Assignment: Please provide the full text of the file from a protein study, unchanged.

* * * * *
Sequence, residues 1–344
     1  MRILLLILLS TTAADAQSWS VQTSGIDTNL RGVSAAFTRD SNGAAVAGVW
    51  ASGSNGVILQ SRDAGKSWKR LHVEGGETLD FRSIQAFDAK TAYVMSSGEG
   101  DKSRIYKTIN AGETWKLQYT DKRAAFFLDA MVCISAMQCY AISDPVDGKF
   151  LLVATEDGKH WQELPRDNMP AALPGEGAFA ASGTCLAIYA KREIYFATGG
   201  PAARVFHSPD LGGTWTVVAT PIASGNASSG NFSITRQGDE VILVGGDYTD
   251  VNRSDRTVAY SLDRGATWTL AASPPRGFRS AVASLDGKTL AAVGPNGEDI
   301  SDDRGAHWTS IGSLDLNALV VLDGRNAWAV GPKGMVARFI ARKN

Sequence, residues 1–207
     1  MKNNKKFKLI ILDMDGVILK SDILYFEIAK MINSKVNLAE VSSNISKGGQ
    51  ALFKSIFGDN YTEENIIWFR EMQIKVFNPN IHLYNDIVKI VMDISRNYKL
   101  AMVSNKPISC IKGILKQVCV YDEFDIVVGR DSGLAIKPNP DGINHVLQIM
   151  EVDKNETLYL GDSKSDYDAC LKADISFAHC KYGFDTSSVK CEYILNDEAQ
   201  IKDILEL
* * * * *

Sequence, residues 1–344
     1  MRILLLILLS TTAADAQSWS VQTSGIDTNL RGVSAAFTRD SNGAAVAGVW
    51  ASGSNGVILQ SRDAGKSWKR LHVEGGETLD FRSIQAFDAK TAYVMSSGEG
   101  DKSRIYKTIN AGETWKLQYT DKRAAFFLDA MVCISAMQCY AISDPVDGKF
   151  LLVATEDGKH WQELPRDNMP AALPGEGAFA ASGTCLAIYA KREIYFATGG
   201  PAARVFHSPD LGGTWTVVAT PIASGNASSG NFSITRQGDE VILVGGDYTD
   251  VNRSDRTVAY SLDRGATWTL AASPPRGFRS AVASLDGKTL AAVGPNGEDI
   301  SDDRGAHWTS IGSLDLNALV VLDGRNAWAV GPKGMVARFI ARKN

Sequence, residues 1–207
     1  MKNNKKFKLI ILDMDGVILK SDILYFEIAK MINSKVNLAE VSSNISKGGQ
    51  ALFKSIFGDN YTEENIIWFR EMQIKVFNPN IHLYNDIVKI VMDISRNYKL
   101  AMVSNKPISC IKGILKQVCV YDEFDIVVGR DSGLAIKPNP DGINHVLQIM
   151  EVDKNETLYL GDSKSDYDAC LKADISFAHC KYGFDTSSVK CEYILNDEAQ
   201  IKDILEL